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Anaemia among women in India is a problem of major public health significance. Seventy per cent of women are anaemic in Jharkhand to 22.5 per cent in Mizoram.

India is fighting a huge battle of malnutrition, obesity and micronutrient deficiencies such as Vitamin A and zinc.

Against this backdrop, few states in the Northeast have overcome the battle against malnutrition among women to a large extent.

Reports stated that less than 10 per cent of women in Mizoram, Arunachal Pradesh and Manipur have low Body Mass Index (BMI).

Nagaland and Meghalaya boasts of a lower malnutrition rate among women when compared to the other states of India – only 12 per cent of its women are malnourished.

In Sikkim, only 6.4 per cent of its women have low BMI. The pertinent point is that while northeastern states where malnutrition rates are low – Mizoram, Arunachal Pradesh, Nagaland and Meghalaya – are tribal-dominated.

However, states such as Chhattisgarh, Jharkhand and Odisha – which are also tribal belts – the levels of nourishment among women are very less.

Access to facilities and greater gender equality are the two reasons why these northeastern states are way ahead than rest of India when it comes to women’s malnutrition.

In these Northeastern states, women have more access to improved sanitation facilities at the household level, are better educated and are either self-employed or working (NFHS, 2015-16).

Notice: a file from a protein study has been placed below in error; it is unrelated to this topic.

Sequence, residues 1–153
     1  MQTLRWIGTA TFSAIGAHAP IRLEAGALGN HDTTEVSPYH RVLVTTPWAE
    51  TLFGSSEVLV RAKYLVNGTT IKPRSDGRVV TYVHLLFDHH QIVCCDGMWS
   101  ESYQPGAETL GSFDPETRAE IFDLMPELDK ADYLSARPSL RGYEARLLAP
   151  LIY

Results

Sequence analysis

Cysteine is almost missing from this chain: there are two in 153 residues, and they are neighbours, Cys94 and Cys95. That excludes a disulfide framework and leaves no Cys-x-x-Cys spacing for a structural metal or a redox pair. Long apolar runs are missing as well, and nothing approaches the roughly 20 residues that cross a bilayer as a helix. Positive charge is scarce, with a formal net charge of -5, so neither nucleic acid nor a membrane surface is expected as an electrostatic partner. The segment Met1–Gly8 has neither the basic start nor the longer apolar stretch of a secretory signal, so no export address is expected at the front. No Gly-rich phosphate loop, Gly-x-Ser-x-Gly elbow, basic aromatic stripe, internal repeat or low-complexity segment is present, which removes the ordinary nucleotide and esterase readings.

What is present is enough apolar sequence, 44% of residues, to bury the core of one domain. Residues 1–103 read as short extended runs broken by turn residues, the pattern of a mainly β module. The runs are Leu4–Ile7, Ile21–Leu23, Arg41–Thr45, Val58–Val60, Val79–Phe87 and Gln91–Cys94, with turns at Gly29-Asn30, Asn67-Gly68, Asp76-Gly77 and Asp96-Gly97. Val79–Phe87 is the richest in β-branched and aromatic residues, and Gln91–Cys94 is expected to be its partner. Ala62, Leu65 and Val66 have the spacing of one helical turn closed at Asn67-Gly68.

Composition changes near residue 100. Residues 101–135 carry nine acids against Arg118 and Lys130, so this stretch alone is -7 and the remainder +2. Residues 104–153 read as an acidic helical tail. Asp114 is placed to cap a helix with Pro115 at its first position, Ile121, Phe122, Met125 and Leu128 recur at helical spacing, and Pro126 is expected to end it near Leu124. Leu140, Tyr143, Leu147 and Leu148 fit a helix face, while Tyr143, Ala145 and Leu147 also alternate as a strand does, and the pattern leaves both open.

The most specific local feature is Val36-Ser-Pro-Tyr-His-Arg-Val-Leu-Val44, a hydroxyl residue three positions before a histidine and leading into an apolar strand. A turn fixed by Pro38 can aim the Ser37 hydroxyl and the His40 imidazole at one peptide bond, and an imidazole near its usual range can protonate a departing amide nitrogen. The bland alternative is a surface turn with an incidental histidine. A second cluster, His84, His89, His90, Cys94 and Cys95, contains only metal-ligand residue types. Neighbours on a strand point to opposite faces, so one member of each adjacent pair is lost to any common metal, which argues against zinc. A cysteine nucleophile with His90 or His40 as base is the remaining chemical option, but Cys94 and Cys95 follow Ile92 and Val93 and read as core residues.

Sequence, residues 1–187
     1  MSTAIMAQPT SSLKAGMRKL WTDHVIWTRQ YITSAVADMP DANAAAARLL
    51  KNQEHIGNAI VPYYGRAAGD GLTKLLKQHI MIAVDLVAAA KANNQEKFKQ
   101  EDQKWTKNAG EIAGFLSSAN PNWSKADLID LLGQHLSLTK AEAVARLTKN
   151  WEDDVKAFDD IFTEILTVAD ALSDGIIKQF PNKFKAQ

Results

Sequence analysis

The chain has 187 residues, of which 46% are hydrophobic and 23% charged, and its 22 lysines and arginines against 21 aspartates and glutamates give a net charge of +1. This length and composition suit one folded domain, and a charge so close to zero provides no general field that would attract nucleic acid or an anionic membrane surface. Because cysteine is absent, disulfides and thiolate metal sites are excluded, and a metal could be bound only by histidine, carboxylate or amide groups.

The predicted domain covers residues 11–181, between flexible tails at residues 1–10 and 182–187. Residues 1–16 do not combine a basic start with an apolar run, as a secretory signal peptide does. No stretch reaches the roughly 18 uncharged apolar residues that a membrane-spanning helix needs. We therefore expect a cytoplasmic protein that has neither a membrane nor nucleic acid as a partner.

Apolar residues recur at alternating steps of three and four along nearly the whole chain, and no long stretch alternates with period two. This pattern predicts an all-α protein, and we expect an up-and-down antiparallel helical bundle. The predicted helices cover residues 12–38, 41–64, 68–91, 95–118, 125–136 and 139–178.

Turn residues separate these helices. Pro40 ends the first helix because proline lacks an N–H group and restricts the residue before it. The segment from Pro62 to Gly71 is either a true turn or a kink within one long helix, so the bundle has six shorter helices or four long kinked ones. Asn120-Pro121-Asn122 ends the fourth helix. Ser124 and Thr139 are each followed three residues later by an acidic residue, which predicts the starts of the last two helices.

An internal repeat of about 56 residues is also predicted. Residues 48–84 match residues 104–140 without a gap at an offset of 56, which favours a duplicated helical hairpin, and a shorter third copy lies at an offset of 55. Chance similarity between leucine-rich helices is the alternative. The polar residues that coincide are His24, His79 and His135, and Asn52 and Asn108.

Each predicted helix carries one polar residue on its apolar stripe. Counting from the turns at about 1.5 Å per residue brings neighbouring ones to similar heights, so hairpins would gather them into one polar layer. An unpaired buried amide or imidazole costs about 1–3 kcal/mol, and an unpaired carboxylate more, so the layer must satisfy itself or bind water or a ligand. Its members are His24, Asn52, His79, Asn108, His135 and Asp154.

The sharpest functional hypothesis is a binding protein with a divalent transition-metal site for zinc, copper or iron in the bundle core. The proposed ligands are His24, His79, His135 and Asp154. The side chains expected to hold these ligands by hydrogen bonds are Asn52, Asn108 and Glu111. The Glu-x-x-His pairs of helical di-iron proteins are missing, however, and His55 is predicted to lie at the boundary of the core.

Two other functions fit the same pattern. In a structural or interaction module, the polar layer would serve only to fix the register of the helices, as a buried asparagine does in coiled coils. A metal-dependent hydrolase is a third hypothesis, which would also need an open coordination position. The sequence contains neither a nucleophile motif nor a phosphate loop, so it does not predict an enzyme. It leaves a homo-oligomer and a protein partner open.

Sikkim and Mizoram is at the top of the heap when it comes to households using improved sanitation facilities – 88 and 84 per cent, respectively.

Seventy five per cent of households have access to improved sanitation facilities in Nagaland. The literacy rate is also high in the northeastern states – in Mizoram, 93.5 per cent of women are literate, in Sikkim 87 per cent and in Manipur, 85 per cent.

Women form a larger part of the labour force in the northeastern states when compared to other states of India – one of the reasons why women in these states have lower rates of malnutrition.

The northeastern states are also doing a “good work” vis-à-vis increasing access to maternal health services. The coverage of iron and folic acid consumption increased massively from 18 to 54 per cent and the proportion of women receiving at least four antenatal care visits increased from 46 to 62 per cent in Mizoram from 2005 to 2015.

Meghalaya has also seen a huge increase -iron and folic acid consumption among pregnant women increased from 6 to 36 per cent, and in Manipur from 7 to 39 per cent.

In Meghalaya, ante-natal care coverage (at least four antenatal visits) increased from 42.8 to 50, while in Manipur, antenatal care coverage increased from 54 to 69 per cent.

Health experts say that since the people of northeastern states eat pork, it is one of the reasons why there is less malnutrition in the region.

However, this conclusion seems slightly weak given that in Assam, the malnutrition rate among women is one of the highest in the country, at 25.7 per cent women with low BMI, while 80 per cent of its women report consuming fish, chicken or meat (NFHS-4).

More likely, the afford ability of nutritious fruits, vegetables, pulses, dairy and meat results in improved dietary diversity and therefore improved nutrition. Rises in prices of these goods lead to a decline in dietary diversity.

Women are the backbone of the health of society. Political parties must focus on women’s health and empowerment, so that they can achieve better health for the entire population and subsequently an
improved economy.